Our Pioneers

System-cybernetic Management

Revolutionary and epoch-making innovations in management have been triggered by the achievements of outstanding individuals. These are the pioneers, the fathers of a new era, who left traditional paths to explore new solutions. Several pioneers' works could be secured by Fredmund Malik for the purpose of developing it further and keeping it available for the public. These pioneers are marked by a star (*).

William R. Ashby (1903 – 1972)

Neurologist and one of the main pioneers of Cybernetics. He discovered the "Law of Requisite Variety", the basic law of complexity.

Stafford Beer (1926 – 2002)*

Founder of management cybernetics and one of the great polymaths of the 20th century, Professor Stafford Beer was author of over two hundred publications, including eleven books the most important of which have been translated into thirteen languages. His extensive work “Decision and Control“, published in 1966 was honored with the Lanchester Prize.

Dietrich Dörner (1938)

The "Professor Emeritus" at the university of Bamberg not only developed psychological theories for human actions and feelings, but also tested their practical application. He caused quite a stir with his emotionally programmed robit in the EMO-project (follow-up project: PSI). Also groundbreaking: Dörner's Tanaland experiment, which explored the human influence in complex systems.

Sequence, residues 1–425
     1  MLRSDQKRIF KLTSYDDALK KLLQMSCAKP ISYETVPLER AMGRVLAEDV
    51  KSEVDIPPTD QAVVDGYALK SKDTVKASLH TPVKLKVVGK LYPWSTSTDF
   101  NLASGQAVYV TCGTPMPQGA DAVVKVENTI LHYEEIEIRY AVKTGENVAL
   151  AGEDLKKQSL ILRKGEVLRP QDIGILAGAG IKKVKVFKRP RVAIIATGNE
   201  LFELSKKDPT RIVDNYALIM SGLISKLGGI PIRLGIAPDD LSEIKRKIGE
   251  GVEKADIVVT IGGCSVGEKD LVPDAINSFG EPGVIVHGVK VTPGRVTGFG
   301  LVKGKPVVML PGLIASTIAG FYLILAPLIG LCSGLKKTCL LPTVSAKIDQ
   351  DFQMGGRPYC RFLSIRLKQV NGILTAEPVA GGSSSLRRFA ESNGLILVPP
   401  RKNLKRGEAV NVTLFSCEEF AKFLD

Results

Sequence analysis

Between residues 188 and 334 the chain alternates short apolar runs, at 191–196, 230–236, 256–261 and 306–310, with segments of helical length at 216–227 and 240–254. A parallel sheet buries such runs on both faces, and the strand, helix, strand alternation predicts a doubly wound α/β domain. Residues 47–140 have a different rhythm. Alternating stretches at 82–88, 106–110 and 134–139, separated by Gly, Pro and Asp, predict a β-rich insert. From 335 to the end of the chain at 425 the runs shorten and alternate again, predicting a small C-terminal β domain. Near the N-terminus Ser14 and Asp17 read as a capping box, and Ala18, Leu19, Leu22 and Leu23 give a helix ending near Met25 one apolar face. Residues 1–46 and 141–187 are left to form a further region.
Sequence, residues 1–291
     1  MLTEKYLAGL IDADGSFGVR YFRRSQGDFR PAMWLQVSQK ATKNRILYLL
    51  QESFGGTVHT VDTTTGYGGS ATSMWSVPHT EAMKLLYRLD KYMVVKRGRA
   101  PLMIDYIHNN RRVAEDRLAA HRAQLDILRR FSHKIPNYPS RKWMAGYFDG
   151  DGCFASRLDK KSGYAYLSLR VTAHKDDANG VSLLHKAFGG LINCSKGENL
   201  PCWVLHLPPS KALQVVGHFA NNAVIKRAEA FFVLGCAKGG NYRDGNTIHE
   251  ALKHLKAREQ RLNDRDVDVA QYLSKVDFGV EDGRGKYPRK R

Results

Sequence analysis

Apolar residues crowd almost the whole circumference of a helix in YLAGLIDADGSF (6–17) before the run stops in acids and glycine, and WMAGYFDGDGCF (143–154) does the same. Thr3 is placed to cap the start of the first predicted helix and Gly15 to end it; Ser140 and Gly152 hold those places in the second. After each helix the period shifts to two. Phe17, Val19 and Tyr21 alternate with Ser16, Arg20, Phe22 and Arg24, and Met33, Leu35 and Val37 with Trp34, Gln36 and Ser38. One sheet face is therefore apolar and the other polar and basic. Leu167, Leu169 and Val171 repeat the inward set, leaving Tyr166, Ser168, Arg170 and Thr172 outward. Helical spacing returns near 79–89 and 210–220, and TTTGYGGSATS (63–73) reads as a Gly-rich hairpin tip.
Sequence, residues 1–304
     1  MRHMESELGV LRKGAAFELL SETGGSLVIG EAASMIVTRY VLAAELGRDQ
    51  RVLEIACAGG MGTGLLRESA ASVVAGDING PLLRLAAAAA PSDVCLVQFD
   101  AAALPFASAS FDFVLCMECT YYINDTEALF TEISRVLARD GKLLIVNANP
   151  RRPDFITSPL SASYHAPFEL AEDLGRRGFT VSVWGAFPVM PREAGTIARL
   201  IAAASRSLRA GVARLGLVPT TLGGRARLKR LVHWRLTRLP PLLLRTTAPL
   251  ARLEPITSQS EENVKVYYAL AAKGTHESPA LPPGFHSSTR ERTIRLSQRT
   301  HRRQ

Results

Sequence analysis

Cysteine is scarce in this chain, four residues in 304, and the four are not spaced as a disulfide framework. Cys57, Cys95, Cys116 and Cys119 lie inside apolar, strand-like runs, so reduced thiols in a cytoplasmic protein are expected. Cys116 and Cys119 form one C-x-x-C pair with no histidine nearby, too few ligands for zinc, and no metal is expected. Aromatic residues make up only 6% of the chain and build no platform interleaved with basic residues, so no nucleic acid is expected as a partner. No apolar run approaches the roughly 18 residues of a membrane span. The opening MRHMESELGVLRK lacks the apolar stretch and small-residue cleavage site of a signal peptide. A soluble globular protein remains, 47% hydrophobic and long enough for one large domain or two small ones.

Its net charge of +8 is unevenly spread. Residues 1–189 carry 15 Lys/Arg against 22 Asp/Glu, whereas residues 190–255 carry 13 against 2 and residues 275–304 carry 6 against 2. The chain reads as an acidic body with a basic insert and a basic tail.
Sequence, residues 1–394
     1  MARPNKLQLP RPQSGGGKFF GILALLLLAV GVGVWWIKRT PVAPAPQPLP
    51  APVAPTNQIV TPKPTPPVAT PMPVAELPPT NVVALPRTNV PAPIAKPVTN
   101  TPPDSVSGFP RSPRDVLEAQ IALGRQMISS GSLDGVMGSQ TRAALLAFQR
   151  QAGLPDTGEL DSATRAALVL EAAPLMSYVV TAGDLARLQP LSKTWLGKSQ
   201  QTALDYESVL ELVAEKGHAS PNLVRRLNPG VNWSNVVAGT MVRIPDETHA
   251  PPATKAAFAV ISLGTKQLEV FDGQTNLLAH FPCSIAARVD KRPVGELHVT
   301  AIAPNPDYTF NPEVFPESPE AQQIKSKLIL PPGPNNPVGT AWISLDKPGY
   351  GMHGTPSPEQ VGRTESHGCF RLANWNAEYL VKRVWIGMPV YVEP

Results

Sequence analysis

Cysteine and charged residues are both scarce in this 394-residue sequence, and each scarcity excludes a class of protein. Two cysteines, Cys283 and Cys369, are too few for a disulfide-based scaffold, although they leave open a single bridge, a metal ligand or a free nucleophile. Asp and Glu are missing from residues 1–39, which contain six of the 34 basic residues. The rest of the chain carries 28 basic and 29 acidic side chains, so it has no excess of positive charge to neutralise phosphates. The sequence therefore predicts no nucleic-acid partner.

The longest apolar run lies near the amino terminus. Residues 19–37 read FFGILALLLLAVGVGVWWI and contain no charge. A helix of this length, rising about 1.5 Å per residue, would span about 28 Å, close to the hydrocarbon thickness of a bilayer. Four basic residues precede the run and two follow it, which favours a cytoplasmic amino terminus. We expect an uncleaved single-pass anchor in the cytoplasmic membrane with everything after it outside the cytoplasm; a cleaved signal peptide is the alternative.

Peter Drucker (1909 – 2005)

Father of modern management, Peter Drucker has often been referred to as the most influential thinker and writer in management theory and practice of the 20th century. His regular column in the Wall Street Journal and his contributions in renowned magazines, such as the Harvard Business Review, and The Economist were widely read. His books have been translated into more than 30 languages. Drucker entrusted Professor Malik with the task to re-invent management for the 21st century. Fredmund Malik and Peter Drucker

Heinz von Foerster (1911 – 2002)

Physicist, pioneering cybernetician and philosopher of ethics, Heinz von Foerster was founder and director of the Biological Computer Laboratory at the University of Illinois and close friend of Professor Fredmund Malik. Heinz von Foerster’s works on self-organization, recursive system theory and 2nd order cybernetics have been main pillars of cybernetic management.